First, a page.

Wednesday, 16 February 2011

Catching Up With The Balcony Below Room 16



It is hard to write a site report on ‘Off the Page’, which took place at Whistable, a small picturesque town on the Kent coast, over the weekend without mentioning one incident that was not related in any way to the festival but which has ended up overshadowing any recollection I may now have of it. And if that opening sentence sounds a little too much like the introduction to an M R James tale in which a guest at a hotel is troubled during the night by strange sounds coming from the room next door and then finds himself the next morning alone at breakfast, his nerves badly jangled, contemplating what actually happened, then I apologise; but that’s pretty much how it was. This series of posts has always been about the architecture of buildings I have recently visited: in it I try to treat them as if they were films or books or magazines that I have only just managed to catch up on. This post seems a little more immediate than that, however.

At around midnight of the first day of the festival, I left Jonny Trunk, Steve Beresford and Dave Tompkins chatting in the bar and went up to my room: I would have loved to stay in their company but was scheduled to give my talk on John Cage at 10.00 am the following morning so wanted to be rested for an early start. I cannot have been asleep for more than forty minutes before I heard a banging and scratching on my door. The following are the notes I wrote up immediately after what happened:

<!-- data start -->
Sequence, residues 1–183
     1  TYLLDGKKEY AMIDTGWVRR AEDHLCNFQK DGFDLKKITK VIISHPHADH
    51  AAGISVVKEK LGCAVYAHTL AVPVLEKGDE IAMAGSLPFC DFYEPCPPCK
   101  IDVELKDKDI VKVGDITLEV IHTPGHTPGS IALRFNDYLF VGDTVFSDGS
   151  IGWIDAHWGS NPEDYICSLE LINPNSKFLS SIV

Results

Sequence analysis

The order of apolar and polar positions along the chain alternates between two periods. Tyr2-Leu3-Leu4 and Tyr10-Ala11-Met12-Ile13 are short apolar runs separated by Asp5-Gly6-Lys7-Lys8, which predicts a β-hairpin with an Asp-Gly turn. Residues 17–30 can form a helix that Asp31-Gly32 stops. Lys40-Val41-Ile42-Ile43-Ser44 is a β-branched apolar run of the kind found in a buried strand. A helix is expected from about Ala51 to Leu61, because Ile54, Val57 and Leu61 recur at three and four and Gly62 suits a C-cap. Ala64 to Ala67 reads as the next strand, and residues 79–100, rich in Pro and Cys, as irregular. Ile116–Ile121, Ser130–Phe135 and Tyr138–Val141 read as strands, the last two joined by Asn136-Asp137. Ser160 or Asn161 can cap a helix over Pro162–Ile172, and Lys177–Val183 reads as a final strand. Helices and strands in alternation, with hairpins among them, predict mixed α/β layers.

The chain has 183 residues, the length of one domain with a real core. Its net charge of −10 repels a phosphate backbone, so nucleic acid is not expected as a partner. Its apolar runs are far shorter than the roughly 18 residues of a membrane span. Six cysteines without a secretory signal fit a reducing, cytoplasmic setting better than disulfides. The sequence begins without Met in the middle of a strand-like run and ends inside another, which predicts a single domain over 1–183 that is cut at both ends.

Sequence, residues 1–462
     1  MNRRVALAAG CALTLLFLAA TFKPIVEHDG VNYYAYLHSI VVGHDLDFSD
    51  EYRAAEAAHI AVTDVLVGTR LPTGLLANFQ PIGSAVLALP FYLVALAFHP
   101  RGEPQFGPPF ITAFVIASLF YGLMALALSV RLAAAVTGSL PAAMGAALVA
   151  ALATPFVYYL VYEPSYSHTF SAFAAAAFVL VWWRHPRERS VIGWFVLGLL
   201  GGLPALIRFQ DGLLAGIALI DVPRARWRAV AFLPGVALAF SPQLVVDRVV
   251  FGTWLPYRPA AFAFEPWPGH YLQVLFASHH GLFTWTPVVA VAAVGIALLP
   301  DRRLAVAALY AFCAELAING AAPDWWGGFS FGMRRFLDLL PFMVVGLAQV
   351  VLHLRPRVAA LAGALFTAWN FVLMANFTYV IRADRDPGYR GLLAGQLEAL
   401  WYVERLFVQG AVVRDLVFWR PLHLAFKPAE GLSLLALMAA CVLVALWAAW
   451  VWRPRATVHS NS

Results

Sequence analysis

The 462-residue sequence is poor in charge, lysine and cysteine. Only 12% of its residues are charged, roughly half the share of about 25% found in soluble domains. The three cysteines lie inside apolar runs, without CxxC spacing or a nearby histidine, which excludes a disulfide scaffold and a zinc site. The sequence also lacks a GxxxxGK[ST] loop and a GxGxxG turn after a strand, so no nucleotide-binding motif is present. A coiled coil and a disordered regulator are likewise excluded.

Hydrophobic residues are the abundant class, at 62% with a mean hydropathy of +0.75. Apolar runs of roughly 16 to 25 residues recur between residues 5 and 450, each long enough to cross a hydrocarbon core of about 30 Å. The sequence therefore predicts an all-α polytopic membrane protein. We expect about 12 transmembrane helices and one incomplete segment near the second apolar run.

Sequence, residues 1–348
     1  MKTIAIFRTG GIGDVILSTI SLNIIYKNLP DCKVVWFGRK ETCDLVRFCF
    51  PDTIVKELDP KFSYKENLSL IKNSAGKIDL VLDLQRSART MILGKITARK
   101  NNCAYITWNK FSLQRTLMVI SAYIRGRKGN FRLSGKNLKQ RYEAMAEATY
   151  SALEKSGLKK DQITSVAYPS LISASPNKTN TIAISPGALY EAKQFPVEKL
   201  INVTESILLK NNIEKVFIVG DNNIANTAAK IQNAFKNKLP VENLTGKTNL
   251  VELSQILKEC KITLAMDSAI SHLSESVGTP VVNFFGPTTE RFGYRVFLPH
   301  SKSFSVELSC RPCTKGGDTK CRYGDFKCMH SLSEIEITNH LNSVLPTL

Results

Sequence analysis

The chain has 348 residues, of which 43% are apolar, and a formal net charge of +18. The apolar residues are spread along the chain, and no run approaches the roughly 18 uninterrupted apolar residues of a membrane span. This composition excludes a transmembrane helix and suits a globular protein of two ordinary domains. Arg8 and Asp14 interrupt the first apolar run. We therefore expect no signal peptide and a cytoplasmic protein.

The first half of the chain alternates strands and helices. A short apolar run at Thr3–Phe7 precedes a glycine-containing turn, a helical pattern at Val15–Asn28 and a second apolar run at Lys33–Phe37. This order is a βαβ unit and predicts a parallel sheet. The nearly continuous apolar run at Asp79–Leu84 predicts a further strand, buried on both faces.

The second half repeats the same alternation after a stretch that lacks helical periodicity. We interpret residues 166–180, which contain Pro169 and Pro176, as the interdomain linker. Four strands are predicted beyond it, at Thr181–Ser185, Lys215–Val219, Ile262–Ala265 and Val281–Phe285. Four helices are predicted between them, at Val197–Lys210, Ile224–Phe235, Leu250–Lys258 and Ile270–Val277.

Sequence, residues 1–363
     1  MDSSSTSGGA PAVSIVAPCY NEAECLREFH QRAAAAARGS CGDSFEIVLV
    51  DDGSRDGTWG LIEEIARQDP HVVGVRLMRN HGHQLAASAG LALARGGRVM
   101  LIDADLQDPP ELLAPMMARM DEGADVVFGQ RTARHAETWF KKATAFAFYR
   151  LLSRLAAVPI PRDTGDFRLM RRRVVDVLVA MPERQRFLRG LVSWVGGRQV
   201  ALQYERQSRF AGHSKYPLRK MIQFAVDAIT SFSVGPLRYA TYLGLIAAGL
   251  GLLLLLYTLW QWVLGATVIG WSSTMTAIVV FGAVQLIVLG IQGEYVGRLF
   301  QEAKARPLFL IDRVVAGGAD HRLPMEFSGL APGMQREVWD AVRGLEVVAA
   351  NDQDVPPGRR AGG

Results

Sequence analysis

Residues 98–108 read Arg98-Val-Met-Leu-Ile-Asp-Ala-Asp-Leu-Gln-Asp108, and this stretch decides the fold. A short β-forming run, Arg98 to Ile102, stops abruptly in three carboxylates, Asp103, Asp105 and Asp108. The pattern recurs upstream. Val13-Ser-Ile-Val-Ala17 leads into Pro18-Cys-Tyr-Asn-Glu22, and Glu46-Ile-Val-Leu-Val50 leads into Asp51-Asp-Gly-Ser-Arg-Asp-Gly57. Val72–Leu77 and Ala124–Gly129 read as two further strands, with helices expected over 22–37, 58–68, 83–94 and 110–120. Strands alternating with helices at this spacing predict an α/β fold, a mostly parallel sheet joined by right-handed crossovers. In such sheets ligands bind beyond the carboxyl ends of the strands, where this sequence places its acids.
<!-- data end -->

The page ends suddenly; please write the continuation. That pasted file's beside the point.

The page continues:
The guy woke me up about 1.00 am trying to force his way into my room - he’d mistaken the number – I was in 18 – turned out he was in 16 - like an idiot I actually opened the door and saw him off. He then started yelling at a woman who was already in his room: it was evident he was really drunk – he quietened down quickly though, kept up a steady stream of talk, rambling and very aggressive but as if his engine was about to run down. Then just before 2.00 he started getting very loud again and abusive towards the woman – by then she was crying and screaming and pleading. I couldn’t stand to hear that and do nothing so called down to the night manager – told him that things in the room next door were getting nasty. He came up, told the couple in room 16 that he’d called the police but I think it was a bluff at that stage – I heard him enter the room - the drunken man claimed he’d ‘just been asleep’ - things became extremely violent and heated after that - night manger badly beaten, out on the landing, making the most inhuman cries – sounded like the woman locked herself in bathroom, then came out again – the man throwing stuff around the room and swearing loudly – heavy violent banging against the wall – then a lot of very loud yelling and a window suddenly shattering - I thought it sounded as if he had thrown himself through it in a shower of broken glass – but later heard that he was pushed. I dialled emergency services on my mobile - it was about 2.20 am by then - said they should bring an ambulance and police - she said there was already a call logged in, but could I give them the correct address for the hotel, which I was able to do because I had the festival information pack on the bed next to me – even so, no one arrived before 3.00 - all that time the drunk is screaming ‘Ella! Ella! My leg’s hanging off I’m bleeding to death - call a fucking ambulance - anything’ – over and over again for a half hour – no choice but to sit in silence and listen, fingernails through the palms of my hands - then there were the voices of the ambulance crew on the balcony trying to lower him down to the street – they had to cut his trousers off his injured leg in order to reposition it – more screams and groans – the sound of broken glass being swept up – meanwhile a policewoman took Ella away – then a police patrol stopped by the room around 4.00 to check it over - and maybe I slept then for a little while or maybe I didn’t. I’m not sure.